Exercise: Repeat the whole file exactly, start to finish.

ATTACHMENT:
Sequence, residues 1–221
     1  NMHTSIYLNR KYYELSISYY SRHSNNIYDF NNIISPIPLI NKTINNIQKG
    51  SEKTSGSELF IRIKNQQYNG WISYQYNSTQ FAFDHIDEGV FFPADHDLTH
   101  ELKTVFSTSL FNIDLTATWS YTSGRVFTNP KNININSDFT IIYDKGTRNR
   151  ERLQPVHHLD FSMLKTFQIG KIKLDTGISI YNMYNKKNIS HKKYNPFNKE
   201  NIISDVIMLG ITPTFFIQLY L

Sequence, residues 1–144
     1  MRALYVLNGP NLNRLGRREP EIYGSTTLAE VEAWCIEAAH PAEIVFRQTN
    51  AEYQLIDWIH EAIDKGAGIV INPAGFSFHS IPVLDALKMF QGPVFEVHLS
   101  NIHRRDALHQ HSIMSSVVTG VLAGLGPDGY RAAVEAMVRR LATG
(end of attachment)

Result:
Sequence, residues 1–221
     1  NMHTSIYLNR KYYELSISYY SRHSNNIYDF NNIISPIPLI NKTINNIQKG
    51  SEKTSGSELF IRIKNQQYNG WISYQYNSTQ FAFDHIDEGV FFPADHDLTH
   101  ELKTVFSTSL FNIDLTATWS YTSGRVFTNP KNININSDFT IIYDKGTRNR
   151  ERLQPVHHLD FSMLKTFQIG KIKLDTGISI YNMYNKKNIS HKKYNPFNKE
   201  NIISDVIMLG ITPTFFIQLY L

Sequence, residues 1–144
     1  MRALYVLNGP NLNRLGRREP EIYGSTTLAE VEAWCIEAAH PAEIVFRQTN
    51  AEYQLIDWIH EAIDKGAGIV INPAGFSFHS IPVLDALKMF QGPVFEVHLS
   101  NIHRRDALHQ HSIMSSVVTG VLAGLGPDGY RAAVEAMVRR LATG